“Wait,” some of you are saying, “that’s right! Jeffrey Epstein had a rape island! I’d forgotten all about it, what with Epstein’s convenient suicide and some remarkably media-friendly mass shootings occurring right as justice was about to be quote-unquote handed out!” Funny how that works. Perhaps it’s because Mr. Epstein had a full list of powerful and notable friends. One of those friends, apparently, was MIT artifical-intelligence savant Marvin Minsky, who is alleged to have had sex with a 17-year-old girl on the island.

When asked to give his thoughts on the matter, Stallman responded like any 110-octane autism-spectrum genius would: by questioning the terminology involved.

It’s no different from the thousands of logical but emotionally uncomfortable things he has said and written over the past forty years. Stallman has no way to understand how people feel about something; he doesn’t feel that way. The community of actual computer scientists and clued-in tech people has long accepted this because — and I cannot emphasize this enough — Richard Stallman is responsible for computing as we know it.

In a world where Richard Stallman did not exist, neither would Apple, or the Android phone, or “cloud computing”, or That’s just the tip of the iceberg. The world without Stallman would be a world where you still used a Windows 95 computer, where you paid real money for every single piece of software on it. Internet Explorer would be the browser. Computing would be limited to the upper-middle-class, the way it was in 1985. No matter how you are reading this website, both you and I are using systems which incorporate GNU software. Even if you’re using Windows, which nowadays runs on a very GNU-like operating system beneath the covers.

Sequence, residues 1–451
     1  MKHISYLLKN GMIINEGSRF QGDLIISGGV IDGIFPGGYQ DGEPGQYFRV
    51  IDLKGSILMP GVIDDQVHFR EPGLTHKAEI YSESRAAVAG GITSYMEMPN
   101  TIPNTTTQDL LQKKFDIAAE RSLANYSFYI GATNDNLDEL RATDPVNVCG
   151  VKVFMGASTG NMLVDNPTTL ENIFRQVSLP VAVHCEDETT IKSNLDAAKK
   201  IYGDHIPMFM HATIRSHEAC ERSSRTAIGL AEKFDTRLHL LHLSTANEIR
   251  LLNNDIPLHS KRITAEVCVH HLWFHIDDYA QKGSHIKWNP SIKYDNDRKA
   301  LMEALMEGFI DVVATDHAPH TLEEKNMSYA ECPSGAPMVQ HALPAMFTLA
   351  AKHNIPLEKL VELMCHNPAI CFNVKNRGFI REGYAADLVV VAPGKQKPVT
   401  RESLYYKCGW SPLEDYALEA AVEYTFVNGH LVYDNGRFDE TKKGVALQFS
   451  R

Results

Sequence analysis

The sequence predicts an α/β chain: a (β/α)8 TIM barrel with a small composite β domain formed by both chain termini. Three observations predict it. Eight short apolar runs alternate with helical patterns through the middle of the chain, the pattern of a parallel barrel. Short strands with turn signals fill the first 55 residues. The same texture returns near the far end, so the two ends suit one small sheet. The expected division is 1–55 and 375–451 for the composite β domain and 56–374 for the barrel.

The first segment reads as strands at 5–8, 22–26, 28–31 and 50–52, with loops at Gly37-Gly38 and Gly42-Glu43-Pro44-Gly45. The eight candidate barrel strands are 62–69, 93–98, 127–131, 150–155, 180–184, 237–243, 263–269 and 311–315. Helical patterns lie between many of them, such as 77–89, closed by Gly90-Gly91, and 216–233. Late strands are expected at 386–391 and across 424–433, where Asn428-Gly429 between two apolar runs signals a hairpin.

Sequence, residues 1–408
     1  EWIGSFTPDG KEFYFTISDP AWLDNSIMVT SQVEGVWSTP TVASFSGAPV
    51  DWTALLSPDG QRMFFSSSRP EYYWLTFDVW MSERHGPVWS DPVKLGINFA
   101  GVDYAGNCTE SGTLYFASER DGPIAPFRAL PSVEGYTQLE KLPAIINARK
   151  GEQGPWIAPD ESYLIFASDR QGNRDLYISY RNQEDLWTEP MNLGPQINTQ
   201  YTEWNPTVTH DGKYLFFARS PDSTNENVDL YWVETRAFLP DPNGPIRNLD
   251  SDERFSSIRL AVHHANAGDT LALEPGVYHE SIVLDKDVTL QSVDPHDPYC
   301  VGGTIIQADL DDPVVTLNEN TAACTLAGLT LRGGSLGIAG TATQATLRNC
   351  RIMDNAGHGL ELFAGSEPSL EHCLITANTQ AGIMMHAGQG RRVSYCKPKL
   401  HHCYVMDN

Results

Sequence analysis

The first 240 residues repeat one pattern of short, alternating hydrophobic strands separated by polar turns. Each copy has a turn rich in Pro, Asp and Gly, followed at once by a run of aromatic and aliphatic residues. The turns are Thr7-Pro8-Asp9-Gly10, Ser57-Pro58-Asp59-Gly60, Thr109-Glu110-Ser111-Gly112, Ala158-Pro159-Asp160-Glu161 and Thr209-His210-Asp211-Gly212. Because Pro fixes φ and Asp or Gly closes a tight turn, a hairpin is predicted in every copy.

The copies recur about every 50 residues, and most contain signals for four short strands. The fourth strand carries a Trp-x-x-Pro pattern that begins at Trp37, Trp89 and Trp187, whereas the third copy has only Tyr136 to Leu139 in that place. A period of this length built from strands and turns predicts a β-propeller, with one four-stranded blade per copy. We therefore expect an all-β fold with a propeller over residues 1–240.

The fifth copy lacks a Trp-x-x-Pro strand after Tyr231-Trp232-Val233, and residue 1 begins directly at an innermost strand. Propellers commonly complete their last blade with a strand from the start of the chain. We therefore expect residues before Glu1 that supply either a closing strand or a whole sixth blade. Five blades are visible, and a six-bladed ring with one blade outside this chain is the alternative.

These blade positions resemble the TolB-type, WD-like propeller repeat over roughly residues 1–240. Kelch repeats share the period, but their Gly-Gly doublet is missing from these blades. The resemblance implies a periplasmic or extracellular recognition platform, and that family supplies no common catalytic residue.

The idea of truly free software given to the world for humanitarian purposes would not exist without Stallman. He was the only person who ever had the thought. Which means it is more radical than calculus, heavier-than-air flight, the theory of relativity, or the atomic bomb. It took someone with Stallman’s particular blend of Promethean IQ and mentally handicapped social skills to push it all the way to reality. You live in Richard Stallman’s world, whether you like it or not.